Zoroastrianism Essay

Western European scholars have traditionally referred to ancient Iranian religion after the acknowledged founding figure of the political formulation of that religion, Zarathushtra. The term Zoroastrianism was derived from his name. Today the faith is better known by the name of its devotees, the Parsis. In the ancient Persian Empire there was no general designation for their religion. Moreover, even when centralized authority was pursued and Zoroastrianism was adopted throughout the realm, the religion remained locally distinct throughout the ancient empires, each region having its own variation on the general scheme.

The Avesta, the holy text, was first committed to writing in the sixth century c.e. Both religious tradition and linguistic evidence points to an ancient oral transmission. The oldest texts are the Gathas, assigned a date of roughly 1000 b.c.e. on linguistic grounds; whether they can seriously be ascribed to Zarathushtra is unknown. Little is known about Zarathushtra. Some scholars doubt the existence of a historical figure at all. Dates proposed for his life extend from the sixth millennium b.c.e. to 569 b.c.e. Scholars place his life in the range of c. 1200–600 b.c.e. He lived in eastern Iran, was from a priestly family, and was well trained in ritual observance. He reduced the Iranian pantheon to the single deity Ahura Mazda and defined religious life in terms of proper behavior in the pursuit of truth. Observance of purity and avoidance of pollution were central concerns. Fire became the symbol of truth, light, and order; as such it was protected from pollution.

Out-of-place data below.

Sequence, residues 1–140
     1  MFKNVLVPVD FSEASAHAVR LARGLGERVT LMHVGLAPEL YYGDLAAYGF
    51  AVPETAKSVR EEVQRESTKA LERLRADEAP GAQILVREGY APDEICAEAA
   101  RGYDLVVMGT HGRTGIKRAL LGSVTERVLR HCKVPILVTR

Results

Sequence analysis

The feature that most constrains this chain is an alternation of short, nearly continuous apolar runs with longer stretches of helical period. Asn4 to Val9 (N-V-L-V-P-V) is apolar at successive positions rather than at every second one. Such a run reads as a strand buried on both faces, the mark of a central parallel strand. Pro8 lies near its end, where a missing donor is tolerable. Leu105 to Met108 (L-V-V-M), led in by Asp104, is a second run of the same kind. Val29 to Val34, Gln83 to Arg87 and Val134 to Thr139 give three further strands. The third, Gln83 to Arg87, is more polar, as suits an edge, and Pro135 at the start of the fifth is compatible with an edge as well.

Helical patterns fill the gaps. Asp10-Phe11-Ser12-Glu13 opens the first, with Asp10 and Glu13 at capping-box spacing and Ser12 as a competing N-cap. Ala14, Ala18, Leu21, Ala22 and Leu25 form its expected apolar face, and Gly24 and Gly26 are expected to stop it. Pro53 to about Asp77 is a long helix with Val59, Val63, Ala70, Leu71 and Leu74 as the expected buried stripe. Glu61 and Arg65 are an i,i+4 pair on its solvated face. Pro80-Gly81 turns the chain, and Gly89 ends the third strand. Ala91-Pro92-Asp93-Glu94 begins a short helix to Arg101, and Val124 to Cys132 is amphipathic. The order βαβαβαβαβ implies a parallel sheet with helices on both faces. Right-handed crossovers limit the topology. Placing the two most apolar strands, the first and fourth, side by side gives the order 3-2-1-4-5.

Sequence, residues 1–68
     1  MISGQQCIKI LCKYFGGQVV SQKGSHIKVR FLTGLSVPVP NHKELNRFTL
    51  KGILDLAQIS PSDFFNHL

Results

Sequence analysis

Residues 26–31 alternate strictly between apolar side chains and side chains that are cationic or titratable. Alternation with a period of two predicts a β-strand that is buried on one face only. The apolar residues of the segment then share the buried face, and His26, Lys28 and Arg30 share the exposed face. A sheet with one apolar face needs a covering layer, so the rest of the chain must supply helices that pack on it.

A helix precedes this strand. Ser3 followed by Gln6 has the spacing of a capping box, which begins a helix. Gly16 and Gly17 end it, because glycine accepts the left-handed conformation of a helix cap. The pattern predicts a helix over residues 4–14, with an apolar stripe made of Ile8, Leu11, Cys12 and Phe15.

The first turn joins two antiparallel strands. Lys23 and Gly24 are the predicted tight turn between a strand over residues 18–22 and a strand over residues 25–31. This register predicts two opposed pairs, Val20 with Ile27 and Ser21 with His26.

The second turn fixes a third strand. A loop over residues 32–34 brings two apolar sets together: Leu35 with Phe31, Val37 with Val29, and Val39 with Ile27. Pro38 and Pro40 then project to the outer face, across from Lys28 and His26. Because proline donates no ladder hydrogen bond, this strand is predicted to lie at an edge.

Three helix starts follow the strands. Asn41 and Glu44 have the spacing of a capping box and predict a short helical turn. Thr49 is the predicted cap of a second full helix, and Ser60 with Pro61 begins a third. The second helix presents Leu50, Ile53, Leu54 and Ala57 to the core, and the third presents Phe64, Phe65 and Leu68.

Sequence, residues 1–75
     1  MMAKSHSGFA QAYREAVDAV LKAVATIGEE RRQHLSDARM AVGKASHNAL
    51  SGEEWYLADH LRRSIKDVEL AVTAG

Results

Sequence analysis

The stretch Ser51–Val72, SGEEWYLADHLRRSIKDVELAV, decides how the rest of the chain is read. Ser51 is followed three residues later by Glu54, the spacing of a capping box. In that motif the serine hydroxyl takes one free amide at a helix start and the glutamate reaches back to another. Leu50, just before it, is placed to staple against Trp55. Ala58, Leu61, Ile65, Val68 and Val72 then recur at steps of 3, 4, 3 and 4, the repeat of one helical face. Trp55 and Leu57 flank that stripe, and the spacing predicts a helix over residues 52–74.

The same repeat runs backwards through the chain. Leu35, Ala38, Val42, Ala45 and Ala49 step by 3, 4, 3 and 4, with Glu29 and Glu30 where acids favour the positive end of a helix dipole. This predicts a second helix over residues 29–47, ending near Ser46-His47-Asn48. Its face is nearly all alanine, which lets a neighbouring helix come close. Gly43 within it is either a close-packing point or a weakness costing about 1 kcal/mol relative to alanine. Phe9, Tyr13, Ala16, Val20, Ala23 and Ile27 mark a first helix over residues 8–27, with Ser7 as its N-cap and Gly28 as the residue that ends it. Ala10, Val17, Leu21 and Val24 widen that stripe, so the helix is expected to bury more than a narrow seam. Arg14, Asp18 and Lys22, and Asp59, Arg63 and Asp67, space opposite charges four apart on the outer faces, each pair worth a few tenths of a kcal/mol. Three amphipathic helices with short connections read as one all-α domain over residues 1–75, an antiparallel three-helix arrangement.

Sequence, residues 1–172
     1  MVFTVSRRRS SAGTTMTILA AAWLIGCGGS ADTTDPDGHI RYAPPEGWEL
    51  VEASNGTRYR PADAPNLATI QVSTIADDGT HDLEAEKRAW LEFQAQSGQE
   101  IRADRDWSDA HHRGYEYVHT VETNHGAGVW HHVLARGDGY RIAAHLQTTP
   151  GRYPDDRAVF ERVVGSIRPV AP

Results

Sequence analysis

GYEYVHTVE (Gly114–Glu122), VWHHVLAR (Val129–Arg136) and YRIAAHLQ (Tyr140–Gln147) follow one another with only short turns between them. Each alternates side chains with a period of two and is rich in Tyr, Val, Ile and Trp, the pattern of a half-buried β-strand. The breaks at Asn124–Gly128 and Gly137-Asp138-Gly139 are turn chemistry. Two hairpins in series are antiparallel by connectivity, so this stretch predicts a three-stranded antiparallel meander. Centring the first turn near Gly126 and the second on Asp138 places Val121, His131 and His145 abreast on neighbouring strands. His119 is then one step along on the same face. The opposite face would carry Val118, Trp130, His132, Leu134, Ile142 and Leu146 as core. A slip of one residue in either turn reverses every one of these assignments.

The history of ancient Zoroastrianism can be divided into four stages. First, in the formative period, a conflation of religious traditions took place with two predominating. One was the Indo-Iranian mythology reflected in the Rig-Veda of India that shows a division of the divine realm into deities and demons, though good and evil are reversed in Iran. Creation stories, purity rites, and sacrifices are shared by these traditions. The second major influence on early Zoroastrianism was the religious tradition of Babylonia and Assyria, especially the centrality of the king and the relationship between the ruler and the major deity.

In the second, or Achaemenid period, equated with the Persian Empire c. 559–336 b.c.e., the ruling elite accepted Ahura Mazda as their patron deity and as their contact with the divine realm. They were responsible for spreading the faith from eastern Iran throughout the empire. The establishment of fire towers to house flames symbolizing the pure thought and deeds of the faithful were instigated. The humane administration of Cyrus II may have stemmed from the ethics of Zoroastrianism.

Third, during the era of Hellenization, which extended from Alexander the Great’s conquest of the Persian Empire well into the restored Parthian Empire, c. 336 b.c.e.–224 c.e., Greek rulers and classical thought impinged on Iranian religion. By tradition it is during this period that the Avesta was standardized as an oral ritual text. Most of what is known of early Zoroastrianism is derived from contemporary Greek and Roman writers of this time, and they held Zarathushtra in godlike esteem.